FDA Issues Draft Update on Submitting a New 510(k) for Device Modifications

FDA Issues Draft Update on Submitting a New 510(k) for Device Modifications

The U.S. Food and Drug Administration (FDA) has issued draft updated recommendations to help manufacturers determine when they are required to notify the FDA about modifications made to certain medical devices already on the market, including a separate guidance applicable to software devices.

When finalized, they will provide improved clarity regarding minor changes that do not require FDA review, and help ensure that the FDA receives appropriate submissions for modifications that do require premarket review by the agency; this clarification is intended to help ensure that devices with significant modifications are not being sold or distributed without FDA review. The finalized recommendations will replace an earlier guidance issued in 1997.

The documents apply to medical devices cleared through premarket notification; federal law requires manufacturers to submit a new 510(k) when changes or modifications made to an existing device could significantly affect its safety or effectiveness, or the manufacturer makes a major change or modification in the intended use of the device. They describe how manufacturers should consider the risk presented by the device modifications when determining if they should submit a new 510(k).

The FDA first drafted an update to the 1997 guidance five years ago, but the agency withdrew that draft guidance after passage of a 2012 federal law that required the agency to revisit its policy on 510(k) device modifications.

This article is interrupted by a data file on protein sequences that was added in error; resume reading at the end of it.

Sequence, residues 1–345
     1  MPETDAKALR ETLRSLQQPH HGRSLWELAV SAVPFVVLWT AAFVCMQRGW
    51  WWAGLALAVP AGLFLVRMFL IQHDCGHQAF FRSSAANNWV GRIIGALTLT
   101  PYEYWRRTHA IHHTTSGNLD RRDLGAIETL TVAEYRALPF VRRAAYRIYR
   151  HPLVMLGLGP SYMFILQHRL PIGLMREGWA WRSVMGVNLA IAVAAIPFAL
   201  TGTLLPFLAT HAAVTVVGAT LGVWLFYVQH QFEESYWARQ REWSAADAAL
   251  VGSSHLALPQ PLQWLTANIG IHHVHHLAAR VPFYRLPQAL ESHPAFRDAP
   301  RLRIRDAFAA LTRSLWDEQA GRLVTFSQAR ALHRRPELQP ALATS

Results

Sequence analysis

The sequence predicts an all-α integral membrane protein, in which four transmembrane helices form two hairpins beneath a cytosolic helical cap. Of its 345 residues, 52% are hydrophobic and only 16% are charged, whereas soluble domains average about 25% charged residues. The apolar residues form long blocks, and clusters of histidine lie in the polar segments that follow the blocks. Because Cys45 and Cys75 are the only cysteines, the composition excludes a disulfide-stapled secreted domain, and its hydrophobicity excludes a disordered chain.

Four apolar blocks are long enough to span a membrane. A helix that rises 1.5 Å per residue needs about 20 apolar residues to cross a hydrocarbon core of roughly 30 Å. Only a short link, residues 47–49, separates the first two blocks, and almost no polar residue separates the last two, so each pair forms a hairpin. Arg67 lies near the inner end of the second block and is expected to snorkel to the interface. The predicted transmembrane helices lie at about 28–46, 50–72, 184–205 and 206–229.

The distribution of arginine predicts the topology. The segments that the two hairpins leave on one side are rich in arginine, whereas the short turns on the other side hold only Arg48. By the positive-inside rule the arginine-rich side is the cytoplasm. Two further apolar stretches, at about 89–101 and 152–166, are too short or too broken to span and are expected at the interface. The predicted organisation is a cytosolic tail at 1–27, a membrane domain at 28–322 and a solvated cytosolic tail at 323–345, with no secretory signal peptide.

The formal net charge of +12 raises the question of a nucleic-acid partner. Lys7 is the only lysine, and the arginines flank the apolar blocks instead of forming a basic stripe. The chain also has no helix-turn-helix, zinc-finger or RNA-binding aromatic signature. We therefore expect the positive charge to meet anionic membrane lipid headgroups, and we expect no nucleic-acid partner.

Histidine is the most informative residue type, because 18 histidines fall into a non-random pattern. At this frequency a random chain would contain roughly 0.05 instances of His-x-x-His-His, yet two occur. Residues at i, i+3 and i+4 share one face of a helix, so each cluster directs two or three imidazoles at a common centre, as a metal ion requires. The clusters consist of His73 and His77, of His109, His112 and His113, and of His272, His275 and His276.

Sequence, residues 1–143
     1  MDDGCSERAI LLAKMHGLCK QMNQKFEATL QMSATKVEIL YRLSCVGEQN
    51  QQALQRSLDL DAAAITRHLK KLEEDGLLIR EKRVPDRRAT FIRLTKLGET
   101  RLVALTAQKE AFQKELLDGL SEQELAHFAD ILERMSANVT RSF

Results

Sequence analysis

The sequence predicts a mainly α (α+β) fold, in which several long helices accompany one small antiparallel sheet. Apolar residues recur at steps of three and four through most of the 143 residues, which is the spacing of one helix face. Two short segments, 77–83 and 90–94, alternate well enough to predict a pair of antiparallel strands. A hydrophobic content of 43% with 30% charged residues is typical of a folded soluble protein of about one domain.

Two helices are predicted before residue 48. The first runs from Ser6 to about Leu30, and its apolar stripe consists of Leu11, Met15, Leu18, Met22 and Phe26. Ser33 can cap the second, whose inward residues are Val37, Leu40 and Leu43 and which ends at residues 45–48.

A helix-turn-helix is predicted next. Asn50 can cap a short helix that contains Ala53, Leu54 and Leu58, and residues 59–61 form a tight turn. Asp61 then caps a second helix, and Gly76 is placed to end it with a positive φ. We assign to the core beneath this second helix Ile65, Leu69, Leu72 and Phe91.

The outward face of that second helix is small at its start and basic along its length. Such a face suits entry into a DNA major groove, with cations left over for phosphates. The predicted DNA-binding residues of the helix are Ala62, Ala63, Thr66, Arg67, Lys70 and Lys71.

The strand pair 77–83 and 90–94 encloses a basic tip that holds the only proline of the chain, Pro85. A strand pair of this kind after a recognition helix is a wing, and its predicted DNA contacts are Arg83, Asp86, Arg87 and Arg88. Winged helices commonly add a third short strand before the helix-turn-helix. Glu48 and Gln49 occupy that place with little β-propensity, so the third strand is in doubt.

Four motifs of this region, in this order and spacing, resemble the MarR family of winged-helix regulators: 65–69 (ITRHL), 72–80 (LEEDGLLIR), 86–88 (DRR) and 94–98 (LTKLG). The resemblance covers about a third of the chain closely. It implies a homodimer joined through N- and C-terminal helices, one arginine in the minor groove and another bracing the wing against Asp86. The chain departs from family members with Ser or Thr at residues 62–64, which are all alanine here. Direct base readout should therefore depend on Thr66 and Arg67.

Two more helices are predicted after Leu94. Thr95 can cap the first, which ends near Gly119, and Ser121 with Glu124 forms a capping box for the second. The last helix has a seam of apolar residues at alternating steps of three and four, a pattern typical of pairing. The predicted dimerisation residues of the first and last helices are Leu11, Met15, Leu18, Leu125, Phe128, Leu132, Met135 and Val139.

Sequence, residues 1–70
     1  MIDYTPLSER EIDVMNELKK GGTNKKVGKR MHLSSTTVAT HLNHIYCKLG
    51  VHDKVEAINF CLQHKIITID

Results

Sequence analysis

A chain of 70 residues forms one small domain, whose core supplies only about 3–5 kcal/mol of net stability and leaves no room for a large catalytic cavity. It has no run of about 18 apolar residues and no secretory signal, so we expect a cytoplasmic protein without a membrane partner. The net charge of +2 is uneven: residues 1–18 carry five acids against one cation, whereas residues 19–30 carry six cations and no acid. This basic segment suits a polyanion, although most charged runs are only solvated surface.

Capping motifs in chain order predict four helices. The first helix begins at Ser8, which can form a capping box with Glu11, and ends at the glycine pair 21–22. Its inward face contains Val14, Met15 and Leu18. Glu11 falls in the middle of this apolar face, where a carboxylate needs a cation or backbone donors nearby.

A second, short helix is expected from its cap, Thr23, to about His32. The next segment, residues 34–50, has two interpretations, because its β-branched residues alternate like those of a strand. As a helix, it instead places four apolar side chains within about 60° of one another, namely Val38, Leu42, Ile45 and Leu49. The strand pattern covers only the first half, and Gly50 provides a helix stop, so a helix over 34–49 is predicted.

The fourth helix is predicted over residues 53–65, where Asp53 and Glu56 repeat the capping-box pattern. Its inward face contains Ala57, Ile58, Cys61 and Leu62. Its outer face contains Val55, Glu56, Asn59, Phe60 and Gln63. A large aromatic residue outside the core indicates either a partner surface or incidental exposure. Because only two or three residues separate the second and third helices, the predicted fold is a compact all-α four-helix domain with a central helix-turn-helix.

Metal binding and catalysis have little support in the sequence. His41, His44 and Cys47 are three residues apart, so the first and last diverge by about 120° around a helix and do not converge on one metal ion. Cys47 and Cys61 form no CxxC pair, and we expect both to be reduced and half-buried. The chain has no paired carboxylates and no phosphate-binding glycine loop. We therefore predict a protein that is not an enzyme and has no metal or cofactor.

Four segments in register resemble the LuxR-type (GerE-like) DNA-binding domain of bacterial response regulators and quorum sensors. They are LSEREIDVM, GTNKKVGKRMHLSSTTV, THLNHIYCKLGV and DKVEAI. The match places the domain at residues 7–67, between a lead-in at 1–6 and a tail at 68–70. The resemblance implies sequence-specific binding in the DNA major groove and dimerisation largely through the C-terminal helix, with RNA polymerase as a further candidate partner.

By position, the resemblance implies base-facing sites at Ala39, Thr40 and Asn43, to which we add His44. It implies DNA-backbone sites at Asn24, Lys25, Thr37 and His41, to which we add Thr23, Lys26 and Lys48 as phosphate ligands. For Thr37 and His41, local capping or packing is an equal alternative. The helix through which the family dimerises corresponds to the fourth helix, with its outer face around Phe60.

Updates in the draft guidance recommendations include:

  • Guiding principles, including recommendations for manufacturers to conduct a risk-based assessment in order to determine whether a modification could significantly affect the safety or effectiveness of the device.
  • Updated sections and flow charts to provide more clarity to manufacturers on when they likely are required to submit a new 510(k) for labeling, materials, technology, engineering and performance changes.
  • Examples of specific device changes that likely require a new 510(k) and ones that likely do not in order to help guide manufacturers during their own decision-making on whether to submit a new premarket notification.

“These draft recommendations are intended to help manufacturers determine when a change is significant enough to warrant FDA review, including major changes or modifications to the intended use that could significantly impact safety and effectiveness,” said Jeffrey Shuren, MD, director of the FDA’s Center for Devices and Radiological Health. “Medical device technology evolves quickly, and not all changes made to marketed devices alter their safety profile or require our review.

“The FDA’s approach was informed by the invaluable feedback from key stakeholders, including industry and patient advocates,” Dr. Shuren continued. “They helped to shape our recommendations to ensure we strike the right balance between safety and effectiveness of modified devices and advancing device innovation.”

For more information, visit www.fda.gov

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